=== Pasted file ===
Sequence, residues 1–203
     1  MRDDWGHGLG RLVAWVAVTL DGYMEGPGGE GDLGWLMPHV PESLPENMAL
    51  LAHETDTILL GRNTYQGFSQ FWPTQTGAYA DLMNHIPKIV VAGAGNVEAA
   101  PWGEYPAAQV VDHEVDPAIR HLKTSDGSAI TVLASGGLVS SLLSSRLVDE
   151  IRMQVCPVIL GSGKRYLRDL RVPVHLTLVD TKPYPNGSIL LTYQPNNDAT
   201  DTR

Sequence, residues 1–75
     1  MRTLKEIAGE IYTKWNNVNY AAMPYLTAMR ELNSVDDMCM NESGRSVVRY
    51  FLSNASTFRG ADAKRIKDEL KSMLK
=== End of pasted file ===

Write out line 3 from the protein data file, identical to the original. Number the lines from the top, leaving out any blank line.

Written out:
    51  LAHETDTILL GRNTYQGFSQ FWPTQTGAYA DLMNHIPKIV VAGAGNVEAA